Tuesday, 14 June 2011

Natural Disasters: resilient response required

In the face of natural disasters and human suffering, it feels a little churlish to talk of things like ‘competition’ and ‘business cases’. At least, that’s what Peter Bakker thinks. The chief executive of Dutch logistic company TNT ordered the crew of one of the company’s 747s to offload a cargo of high-energy biscuits in Miami and load them onto a plane belonging to arch competitor UPS. The biscuits were bound for the crisis-struck Caribbean state of Haiti. TNT’s plane was too large to land in the earthquake-hit country. So UPS’s smaller aircraft had to ferry them in. Culturally, it was an almost impossible ask, Bakker concedes in a recent interview with Ethical Corporation. But if competitors can’t cooperate when it comes to saving lives, what hope is there?

It’s a legitimate question and one that many global companies are grappling with. In a lengthy feature article in Ethical Corporation’s May issue, Stephen Gardner describes the key role that the private sector can and is playing in the face of natural calamities. From rescue, relief to recovery, large corporations are doing their bit. Gardner turns up some compelling examples, from Walmart’s food deliveries post-Katrina to Coca Cola’s work with Haiti’s embattled mango growers.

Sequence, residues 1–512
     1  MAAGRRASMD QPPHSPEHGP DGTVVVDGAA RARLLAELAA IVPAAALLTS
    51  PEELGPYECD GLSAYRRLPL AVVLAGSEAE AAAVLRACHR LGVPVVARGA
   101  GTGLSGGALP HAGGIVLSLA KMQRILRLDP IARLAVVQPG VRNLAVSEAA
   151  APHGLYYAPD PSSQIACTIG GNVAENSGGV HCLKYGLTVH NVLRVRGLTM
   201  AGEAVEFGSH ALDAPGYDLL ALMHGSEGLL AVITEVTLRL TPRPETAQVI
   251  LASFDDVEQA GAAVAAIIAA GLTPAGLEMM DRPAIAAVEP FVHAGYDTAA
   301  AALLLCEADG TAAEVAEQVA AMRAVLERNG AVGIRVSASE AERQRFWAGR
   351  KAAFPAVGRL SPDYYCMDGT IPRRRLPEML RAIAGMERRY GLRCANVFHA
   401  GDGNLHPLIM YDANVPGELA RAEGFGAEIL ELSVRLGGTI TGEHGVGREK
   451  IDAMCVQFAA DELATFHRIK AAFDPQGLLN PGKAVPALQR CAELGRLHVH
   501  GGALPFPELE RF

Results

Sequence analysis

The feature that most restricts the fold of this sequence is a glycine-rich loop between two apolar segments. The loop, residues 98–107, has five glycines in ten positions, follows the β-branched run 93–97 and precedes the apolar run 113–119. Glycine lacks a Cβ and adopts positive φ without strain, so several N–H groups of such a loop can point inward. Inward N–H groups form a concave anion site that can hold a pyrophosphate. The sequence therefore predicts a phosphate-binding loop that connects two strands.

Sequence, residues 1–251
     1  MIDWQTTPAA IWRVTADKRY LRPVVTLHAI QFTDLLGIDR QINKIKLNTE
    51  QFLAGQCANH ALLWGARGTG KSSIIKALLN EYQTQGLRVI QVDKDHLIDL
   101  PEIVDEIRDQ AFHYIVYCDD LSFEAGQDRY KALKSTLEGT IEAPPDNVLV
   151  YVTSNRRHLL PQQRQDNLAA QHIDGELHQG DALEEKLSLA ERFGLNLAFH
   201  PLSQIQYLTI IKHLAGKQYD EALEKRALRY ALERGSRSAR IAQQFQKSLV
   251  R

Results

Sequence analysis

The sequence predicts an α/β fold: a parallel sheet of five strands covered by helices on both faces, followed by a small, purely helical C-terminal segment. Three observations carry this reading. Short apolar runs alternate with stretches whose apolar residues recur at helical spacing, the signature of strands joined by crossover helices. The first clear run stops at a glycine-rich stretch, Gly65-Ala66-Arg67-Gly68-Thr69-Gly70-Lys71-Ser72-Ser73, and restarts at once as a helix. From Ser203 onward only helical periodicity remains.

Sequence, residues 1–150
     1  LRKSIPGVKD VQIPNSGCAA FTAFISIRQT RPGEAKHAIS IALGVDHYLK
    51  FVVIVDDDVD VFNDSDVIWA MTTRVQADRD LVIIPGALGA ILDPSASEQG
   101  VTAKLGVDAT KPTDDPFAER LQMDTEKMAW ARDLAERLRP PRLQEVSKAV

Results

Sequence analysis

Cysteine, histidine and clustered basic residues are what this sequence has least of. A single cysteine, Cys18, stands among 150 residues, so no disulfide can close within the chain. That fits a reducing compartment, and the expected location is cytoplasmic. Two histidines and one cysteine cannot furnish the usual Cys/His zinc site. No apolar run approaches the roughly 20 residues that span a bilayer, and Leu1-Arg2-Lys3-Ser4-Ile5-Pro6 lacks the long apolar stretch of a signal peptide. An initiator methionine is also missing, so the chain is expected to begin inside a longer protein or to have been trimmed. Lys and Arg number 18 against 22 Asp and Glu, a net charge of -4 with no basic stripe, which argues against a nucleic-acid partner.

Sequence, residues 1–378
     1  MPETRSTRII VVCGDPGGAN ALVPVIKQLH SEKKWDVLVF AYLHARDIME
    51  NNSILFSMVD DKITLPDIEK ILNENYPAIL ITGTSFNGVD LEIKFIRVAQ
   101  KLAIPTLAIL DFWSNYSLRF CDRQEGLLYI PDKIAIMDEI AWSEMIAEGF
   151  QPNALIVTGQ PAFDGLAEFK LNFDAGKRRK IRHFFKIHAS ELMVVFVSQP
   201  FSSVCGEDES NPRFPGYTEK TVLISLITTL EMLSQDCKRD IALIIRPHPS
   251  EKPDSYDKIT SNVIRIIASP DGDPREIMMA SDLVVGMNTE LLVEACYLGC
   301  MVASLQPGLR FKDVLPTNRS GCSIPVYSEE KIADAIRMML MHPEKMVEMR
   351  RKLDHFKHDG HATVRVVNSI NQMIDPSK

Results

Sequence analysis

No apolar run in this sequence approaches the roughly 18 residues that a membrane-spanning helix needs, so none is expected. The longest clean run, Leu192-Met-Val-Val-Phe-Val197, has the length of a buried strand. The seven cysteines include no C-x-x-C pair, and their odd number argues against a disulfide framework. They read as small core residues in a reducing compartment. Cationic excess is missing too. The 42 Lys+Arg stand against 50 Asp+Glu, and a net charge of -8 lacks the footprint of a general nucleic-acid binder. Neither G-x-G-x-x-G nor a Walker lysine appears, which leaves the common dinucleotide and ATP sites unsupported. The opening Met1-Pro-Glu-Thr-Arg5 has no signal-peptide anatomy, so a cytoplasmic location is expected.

There’s some hard-nosed thinking to be done here though. Yes, disaster recovery is about saving lives. But it’s about saving bucks too. The rate of natural disasters is on the up. Figures from the Centre for Research on theEpidemiology of Disasters prove it. Climatic phenomena are generally cited as the cause. So too are disaster-related costs. Operational interruptions, increased insurance premiums and workforce displacement are just some of the bottom line implications of natural disasters for business. So while it’s good that companies are become more responsive to disasters, they need to become more resilient too. Building design, facility location, flood defenses, early warning systems – all need to be on the list of forward-thinking businesses.

1 comment:

  1. for an interesting take on the worlds natural disasters check out this blog - http://rwitterings.blogspot.com/2011/06/natural-disasters-and-plummeting.html

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